Strategic Insights: Three Community Issues
by Shannon Appelcline
I find these issues interesting because they come from three widely divergent fields of study: game design, societal study, and economic study. However, they all cover largely the same topic.
Thus, to finish up my discussion of these community issues, I'm going to compare and contrast them in a less structured and more freeform manner than the articles to date in these series.
Are They All the Same Thing?
Broadly, the three community issues that I've been talking about cover the same ground. Each one provides incentives for personal greed that do a longer-term community ill. I'm surprised that I haven't been able to find more articles comparing them, because they strike me as a very apt topic for interdisciplinary study.
However, I also think there are subtle differences between them.
The Tragedy of the Commons and the Free Rider Problem are the two most similar, but they're really flip sides of the same coin. In the Tragedy, individuals damage the community through intentional greed, while in the Problem they do so through willful neglect. One is action and the other is inaction, and that's the most fundamental way to differentiate the two.
The Prisoner's Dilemma is a bit farther afield, but I think that's because of its specificity. Much as in The Tragedy of the Commons, each Prisoner's Dilemma participant is given the option to willfully damage the community good in order to improve their personal lot. However, there are two elements that make the Dilemma distinct from the Tragedy.
First is the speed with which the damage occurs. In the Tragedy of the Commons (and for that matter, the Free Rider Problem), we're talking more about a gradual decline when people choose individual greed. However in the Prisoner's Dilemma, the levels of community damage are immediate and extreme. If one person defects, the community is immediately worse off and if two defect, both the community and the individuals end up considerably for the worst.
The second element that makes the Prisoner's Dilemma distinct is that it's so explicitly a two-player problem. If you have more than two players, the math of the Prisoner's Dilemma rapidly falls apart, because of those aforementioned abrupt levels of change.
In comparing all three of these community issues, I think that I'd say that The Tragedy of the Commons and The Free Rider Problem form the two extremes of a spectrum where individuals can do harm to a community through action or inaction. The Prisoner's Dilemma, meanwhile, is largely a special case of The Tragedy of the Commons, but one that highlights how you can use the general community issues to create real-life problems.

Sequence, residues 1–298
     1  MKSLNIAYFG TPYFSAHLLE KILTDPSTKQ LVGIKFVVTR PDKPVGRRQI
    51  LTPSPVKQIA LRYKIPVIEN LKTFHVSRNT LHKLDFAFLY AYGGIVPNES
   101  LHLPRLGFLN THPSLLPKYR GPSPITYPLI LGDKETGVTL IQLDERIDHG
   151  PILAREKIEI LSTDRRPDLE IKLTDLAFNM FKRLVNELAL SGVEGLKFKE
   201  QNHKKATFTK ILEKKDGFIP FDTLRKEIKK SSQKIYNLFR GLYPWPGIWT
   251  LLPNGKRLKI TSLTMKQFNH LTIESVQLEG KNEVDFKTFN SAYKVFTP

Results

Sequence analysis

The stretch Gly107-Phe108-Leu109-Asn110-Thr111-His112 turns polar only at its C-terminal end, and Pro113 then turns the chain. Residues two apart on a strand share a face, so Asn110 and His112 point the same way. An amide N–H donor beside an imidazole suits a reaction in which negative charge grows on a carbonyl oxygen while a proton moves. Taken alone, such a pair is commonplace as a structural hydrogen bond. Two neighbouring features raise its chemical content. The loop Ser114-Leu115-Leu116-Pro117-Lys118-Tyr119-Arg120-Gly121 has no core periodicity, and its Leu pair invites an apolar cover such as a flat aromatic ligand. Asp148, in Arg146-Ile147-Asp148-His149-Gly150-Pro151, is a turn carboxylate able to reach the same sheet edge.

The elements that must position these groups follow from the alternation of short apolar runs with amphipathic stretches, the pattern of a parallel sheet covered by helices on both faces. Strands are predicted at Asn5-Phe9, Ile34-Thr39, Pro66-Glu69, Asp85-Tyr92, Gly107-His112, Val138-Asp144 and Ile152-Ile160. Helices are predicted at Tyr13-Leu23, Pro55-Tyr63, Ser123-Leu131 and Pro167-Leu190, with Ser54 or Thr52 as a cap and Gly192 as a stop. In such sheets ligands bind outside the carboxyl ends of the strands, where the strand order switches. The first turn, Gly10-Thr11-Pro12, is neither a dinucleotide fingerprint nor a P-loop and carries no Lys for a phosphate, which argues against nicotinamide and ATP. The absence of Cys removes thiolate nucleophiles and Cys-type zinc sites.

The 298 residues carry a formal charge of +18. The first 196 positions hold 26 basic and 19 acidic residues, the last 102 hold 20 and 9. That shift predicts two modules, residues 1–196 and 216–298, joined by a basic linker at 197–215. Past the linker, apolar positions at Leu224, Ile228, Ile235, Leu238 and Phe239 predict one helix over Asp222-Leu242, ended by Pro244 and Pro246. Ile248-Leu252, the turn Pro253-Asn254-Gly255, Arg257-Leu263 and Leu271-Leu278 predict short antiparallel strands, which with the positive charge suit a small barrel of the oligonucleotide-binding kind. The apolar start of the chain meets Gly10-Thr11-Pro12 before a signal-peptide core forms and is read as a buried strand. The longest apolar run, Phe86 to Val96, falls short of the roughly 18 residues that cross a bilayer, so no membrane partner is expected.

Making It Concrete
I've already talked quite a bit about how to make each of these issues concrete by offering strategy game and reality game examples. However I think by examining how The Prisoner's Dilemma specifies The Tragedy of the Commons you can get even more comfortable with laying out a real-life example of each of these problems.
Most obviously, you can do this by determining how much greed results in societal failure. The Prisoner's Dilemma became a two-player problem because it defined total failure as two defections. If you're laying out any of these problems you have to decide when the "tipping point" occurs. Is it when one person defects? Two? Fifty percent? Everyone?
Besides figuring out failure based on numbers of defection, you can also do it based upon damage done. While The Prisoner's Dilemma is entirely binary (based on whether you defect or not), The Tragedy of the Commons instead presumes cumulative damage. One sheep overgrazing for fifty years might do as much damage as fifty sheep overgrazing for one year. The Free Rider Problem offers a much more free-form look at total damage than either of these other possibilities, because any participant could give any level of support to the community.
Beyond this, you can also measure damage done based on whether the community is worse off or just some of the individuals. In The Tragedy of the Commons, for example, greed does overall community damage, but an individual makes up for it because his individual greed outweighs his percentage of the damage. This is taken to a further extreme in The Prisoner's Dilemma where the defecting prisoner takes no damage upon himself (except perhaps in reputation). Though things are theoretically worse for the community as a whole, that damage is entirely heaped upon the other prisoner if he didn't defect. You could imagine the other extreme where each individual does notable damage to himself when he hurts the community, but at the point the dilemma becomes less hard to solve. Most concrete examples of these issues will probably fall somewhere in between.
Finally, you could also mix and match many of the other details seen in these three community issues. Are decisions simultaneous? Are they blind? Is there an opportunity for iterative feedback? Is there the chance of altruistic punishment? Though some of these possibilities have only been used in some of these issues, they're all similar enough that there's a lot of possibility for the specifics to cross over from one to another.
That's it for me on The Prisoner's Dilemma, The Tragedy of the Commons, and The Free Rider Problem. As I've stated previously, this column is no longer publishing regularly, but I am planning to return to the topic of Collective Choice to write some articles on voting, in this American election year. I'll see you then!